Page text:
As if it happened without our permission, we became the new adults. We are the members of society who are paying taxes, having children, getting married, and keeping our communities afloat, one iced latte at a time. Still, there’s something about doing all these grown-up duties that feel unnaturally grown-up. Enter the #teenagegirlinher20s.
If there’s one hashtag to give you the state of the next cohort of adults, it’s this one. Of the videos that have garnered over 3.9M views, you’ll find a collection of users who are overwhelmed by life’s pressing existential responsibilities, clung to nostalgia, and reminiscent of the days when their mom and dad took care of their insurance plans.
no like i cant explain to her why i had to buy multiple tank air dupes from aritzia #teenagegirlinher20s #fyp
The concept of being a 20-something or 30-something teenager is linked to the sentiment of not feeling “grown up enough” to do grown-up things while feeling underprepared and even nihilistic about whether that preparation even matters.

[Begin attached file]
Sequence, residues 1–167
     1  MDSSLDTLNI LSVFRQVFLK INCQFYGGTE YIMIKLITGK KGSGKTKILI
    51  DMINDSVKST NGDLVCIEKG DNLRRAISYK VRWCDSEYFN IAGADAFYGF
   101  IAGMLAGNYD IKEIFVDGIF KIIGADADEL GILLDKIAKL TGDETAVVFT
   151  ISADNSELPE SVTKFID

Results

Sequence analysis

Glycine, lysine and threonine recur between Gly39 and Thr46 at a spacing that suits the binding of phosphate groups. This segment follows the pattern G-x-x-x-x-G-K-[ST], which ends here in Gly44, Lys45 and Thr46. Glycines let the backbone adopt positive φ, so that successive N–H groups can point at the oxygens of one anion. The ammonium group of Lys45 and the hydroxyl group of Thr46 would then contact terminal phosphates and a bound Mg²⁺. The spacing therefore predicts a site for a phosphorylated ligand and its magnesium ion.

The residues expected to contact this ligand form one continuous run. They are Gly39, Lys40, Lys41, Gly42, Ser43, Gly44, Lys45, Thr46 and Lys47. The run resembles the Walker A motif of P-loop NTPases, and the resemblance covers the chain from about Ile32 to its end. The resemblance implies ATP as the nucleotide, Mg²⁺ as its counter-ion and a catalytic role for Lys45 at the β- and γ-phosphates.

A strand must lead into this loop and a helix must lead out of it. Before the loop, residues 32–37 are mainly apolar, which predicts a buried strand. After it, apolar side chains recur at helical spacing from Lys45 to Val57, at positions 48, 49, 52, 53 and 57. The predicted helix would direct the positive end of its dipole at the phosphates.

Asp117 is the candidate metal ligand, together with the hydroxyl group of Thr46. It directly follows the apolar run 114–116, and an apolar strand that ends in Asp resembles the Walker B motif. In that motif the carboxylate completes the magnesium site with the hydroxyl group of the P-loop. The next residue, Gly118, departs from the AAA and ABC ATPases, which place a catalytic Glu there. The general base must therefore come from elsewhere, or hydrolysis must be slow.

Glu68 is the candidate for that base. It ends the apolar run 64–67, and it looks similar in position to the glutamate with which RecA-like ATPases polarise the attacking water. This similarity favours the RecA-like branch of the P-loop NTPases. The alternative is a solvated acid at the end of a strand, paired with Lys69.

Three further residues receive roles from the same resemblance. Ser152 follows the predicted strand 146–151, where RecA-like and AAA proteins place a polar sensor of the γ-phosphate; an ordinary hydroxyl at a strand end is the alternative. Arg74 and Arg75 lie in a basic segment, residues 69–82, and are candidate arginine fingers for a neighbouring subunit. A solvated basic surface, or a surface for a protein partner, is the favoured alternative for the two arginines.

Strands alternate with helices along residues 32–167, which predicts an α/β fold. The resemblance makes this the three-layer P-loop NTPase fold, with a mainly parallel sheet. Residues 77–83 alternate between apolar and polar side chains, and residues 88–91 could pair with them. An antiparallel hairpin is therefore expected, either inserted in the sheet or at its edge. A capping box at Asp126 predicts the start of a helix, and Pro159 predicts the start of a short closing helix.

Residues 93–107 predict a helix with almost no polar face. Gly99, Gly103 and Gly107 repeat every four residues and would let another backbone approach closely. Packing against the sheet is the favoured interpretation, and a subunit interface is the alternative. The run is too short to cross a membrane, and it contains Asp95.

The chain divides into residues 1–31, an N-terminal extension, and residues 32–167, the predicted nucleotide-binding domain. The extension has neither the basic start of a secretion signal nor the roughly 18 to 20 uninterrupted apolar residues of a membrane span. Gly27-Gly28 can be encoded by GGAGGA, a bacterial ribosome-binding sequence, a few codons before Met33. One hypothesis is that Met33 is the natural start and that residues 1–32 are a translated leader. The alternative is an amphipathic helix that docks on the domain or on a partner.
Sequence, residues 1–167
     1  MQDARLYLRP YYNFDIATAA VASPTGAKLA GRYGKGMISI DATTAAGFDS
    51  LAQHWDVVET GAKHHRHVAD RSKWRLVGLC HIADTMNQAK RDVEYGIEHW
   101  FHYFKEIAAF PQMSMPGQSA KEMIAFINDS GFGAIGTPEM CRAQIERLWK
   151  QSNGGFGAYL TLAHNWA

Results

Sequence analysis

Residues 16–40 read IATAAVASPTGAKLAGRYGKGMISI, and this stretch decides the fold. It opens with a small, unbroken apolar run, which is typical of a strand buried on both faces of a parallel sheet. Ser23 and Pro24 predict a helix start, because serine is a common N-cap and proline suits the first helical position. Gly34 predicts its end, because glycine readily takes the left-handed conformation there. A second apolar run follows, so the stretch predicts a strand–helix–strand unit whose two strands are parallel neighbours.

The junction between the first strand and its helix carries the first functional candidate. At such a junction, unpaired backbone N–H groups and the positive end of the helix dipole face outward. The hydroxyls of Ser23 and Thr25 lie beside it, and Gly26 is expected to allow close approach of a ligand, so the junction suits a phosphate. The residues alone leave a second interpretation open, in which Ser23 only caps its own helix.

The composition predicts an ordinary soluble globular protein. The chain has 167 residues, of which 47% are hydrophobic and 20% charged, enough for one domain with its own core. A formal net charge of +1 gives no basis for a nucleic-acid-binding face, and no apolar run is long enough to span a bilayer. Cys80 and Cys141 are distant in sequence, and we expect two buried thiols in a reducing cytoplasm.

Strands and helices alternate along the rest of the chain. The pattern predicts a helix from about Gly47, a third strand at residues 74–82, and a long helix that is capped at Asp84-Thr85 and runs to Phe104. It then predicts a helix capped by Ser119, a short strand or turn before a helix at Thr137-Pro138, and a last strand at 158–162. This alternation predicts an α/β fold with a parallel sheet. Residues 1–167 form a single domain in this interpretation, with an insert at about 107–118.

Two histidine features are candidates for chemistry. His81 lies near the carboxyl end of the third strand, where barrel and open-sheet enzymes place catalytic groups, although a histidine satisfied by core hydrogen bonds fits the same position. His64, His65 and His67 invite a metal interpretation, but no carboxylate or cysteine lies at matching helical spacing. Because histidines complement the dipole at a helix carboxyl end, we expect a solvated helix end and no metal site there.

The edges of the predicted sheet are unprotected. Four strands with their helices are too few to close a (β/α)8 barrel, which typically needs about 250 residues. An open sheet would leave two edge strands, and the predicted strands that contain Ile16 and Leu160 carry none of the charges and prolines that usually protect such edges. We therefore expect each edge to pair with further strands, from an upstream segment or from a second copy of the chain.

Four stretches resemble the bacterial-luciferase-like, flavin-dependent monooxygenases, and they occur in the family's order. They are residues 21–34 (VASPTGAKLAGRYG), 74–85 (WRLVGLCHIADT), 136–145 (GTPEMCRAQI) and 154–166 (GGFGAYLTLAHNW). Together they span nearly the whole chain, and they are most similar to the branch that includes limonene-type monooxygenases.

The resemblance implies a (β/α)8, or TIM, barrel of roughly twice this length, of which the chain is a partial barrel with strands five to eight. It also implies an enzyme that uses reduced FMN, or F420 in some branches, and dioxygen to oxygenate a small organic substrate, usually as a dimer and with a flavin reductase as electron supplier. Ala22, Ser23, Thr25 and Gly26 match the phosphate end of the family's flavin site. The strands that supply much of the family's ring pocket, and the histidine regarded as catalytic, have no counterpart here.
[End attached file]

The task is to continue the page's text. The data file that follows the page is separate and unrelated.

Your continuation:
It’s our generation’s version of when we ask our grandmothers how old they are and they simply reply with, “I still feel 45,” all while being every bit of 76 years old. In this, we share a warped concept of time while clinging to a desire for infantilization.
Granted, the pandemic did a number on our concept of time. Many of us who started the pandemic in our early or mid-20s missed out on three fundamental years of socialization, career development, and personal milestones that traditionally help to mark our growth.
Our time to figure out and plan our next steps through fumbling yet active participation was put on pause indefinitely and then resumed provisionally. This in turn has left many of us hanging in the balance of uncertainty as we try to make sense of the disconnect between our minds and bodies in this missing gap of time.